“A picture is worth a thousand words,” or so the saying goes. I think the intent of this phrase is that imagery often tells us so much more than mere words can. As a visually-oriented introvert, this rings especially true. So often, words fail me at crucial moments. I never seem to think of the right thing to say at the right time. I struggle to put myself out there. My natural inclination is to be more of a “behind the scenes” kind of girl. Which, I admit, hasn’t served me well in this photography enterprise, but honestly, I don’t think I would change this aspect of myself.  Because of this proclivity, the images I produce seem to have deeper meaning for me; each image conjures a memory, a sensation, a thought.

The image you see below holds particular meaning and, if you can bear with me, will help convey the thoughts I want to share with you today.

Portrait of Child Sledding by Britt Lanicek Photography

A girl on a sled. Everyone has a picture of their kid on a sled, right? But to me, this image is so much more. It will forever be the visual reminder of a day of ultimate highs and lows. This is MY child, Caroline, on her 7th birthday. We went sledding with friends that day. It was her first time sledding on a decent sized hill of any kind. I look at this image, and I can hear her shrieking “THIS…IS…AWESOME…” on her first trip down the hill. Her big toothless grin, because the first of her front teeth had finally just fallen out. Ultimate joy.

I look at this image and see a tired, happy girl curled up in my lap, cup of cold cocoa on the coffee table (marshmallows long gone). I remember the conscious but fleeting thought that if I were a cat, I would be purring. That LIFE IS GOOD. A very good day indeed. And as Caroline fell asleep in my lap, the phone rang. It was Mindy calling to tell me that our friend Holly was gone.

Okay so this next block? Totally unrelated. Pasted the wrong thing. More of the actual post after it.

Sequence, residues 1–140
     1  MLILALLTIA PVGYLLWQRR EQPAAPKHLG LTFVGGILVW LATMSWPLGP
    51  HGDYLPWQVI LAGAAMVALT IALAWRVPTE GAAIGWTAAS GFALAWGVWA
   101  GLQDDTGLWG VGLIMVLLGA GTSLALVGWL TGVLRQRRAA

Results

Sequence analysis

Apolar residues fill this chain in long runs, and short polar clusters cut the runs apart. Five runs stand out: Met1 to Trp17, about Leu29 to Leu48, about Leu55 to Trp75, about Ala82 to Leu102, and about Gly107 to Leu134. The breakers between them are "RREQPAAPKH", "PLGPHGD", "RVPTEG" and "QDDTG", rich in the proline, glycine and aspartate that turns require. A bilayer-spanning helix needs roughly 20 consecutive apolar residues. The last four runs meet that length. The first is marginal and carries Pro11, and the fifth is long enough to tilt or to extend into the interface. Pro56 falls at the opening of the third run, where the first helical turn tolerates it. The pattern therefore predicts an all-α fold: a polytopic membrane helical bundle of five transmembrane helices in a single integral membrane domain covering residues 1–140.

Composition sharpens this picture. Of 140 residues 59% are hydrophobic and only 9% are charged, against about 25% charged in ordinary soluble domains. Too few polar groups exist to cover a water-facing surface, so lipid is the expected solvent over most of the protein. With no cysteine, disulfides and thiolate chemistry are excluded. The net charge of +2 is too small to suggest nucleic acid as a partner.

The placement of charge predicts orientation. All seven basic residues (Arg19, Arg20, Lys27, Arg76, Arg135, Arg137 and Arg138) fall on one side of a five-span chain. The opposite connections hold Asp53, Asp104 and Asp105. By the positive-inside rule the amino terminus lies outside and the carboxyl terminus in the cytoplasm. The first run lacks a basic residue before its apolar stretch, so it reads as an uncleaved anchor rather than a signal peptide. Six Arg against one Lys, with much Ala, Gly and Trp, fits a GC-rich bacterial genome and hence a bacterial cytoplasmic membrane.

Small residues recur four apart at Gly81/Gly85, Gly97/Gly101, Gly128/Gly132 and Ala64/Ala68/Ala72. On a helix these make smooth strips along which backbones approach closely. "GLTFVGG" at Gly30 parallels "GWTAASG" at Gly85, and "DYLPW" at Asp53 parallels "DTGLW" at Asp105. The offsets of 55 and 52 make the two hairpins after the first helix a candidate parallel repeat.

Holly. Free spirit. Contagious smile. Caretaker. Defender of the weak. Animal lover. Vegetarian. Friend. Holly, with her collection of dragons; rescuer of cats and birds. Holly, with bottomless depths of generosity and kindness, and a stubborn streak just as wide.  Who sacrificed so much to be here with us through years of illness and increasingly crippling disability. Who through her experiences, gave those of us privileged enough to know her a glimpse of life beyond our earthly bonds.

I could talk at lengths about Holly and who she was. But I think she’d would prefer that I share with you what her life – and ultimately her death – have taught me.

It’s actually pretty simple: LIVE your life, and live it with purpose. Embrace opportunities to try new things, to do more, to give of yourself. Follow your passions. Create memories. Be a better friend, parent, sibling, child. Tell the people you love how you feel. Stand by your convictions. Be loyal. Do what’s right, even if it hurts. Practice compassion and empathy.

All of this and more. This image of Caroline is so much more than a picture of a kid on a sled.  To me, it’s a reminder to pursue joy in life, and not take it for granted when it comes.  And while life can bring great sorrow, it is not without meaning.  The low points in our lives help us better appreciate our many blessings.  I look at my daughter’s face in this image and I see a little bit of Holly and how she lived her life. With joy. And with purpose.

Flying down that hill, shrieking with delight, ready to run back up to the top for another go.

Holly died on my daughter’s birthday at the too-young age of 46; just one day past her own birthday. During the years of confinement and limited ability, even when words failed her utterly, her indomitable spirit was still there in her eyes – in her very presence.  I have far too few pictures of Holly to remember her by, especially ones of the good times before her illness. But when I look at this picture of Caroline, I will remember her and all she has taught me. I will do my best live my life as she would have; with purpose and conviction. And with joy.

In Memory of Holly Fisher

December 26, 1966 – December 27, 2012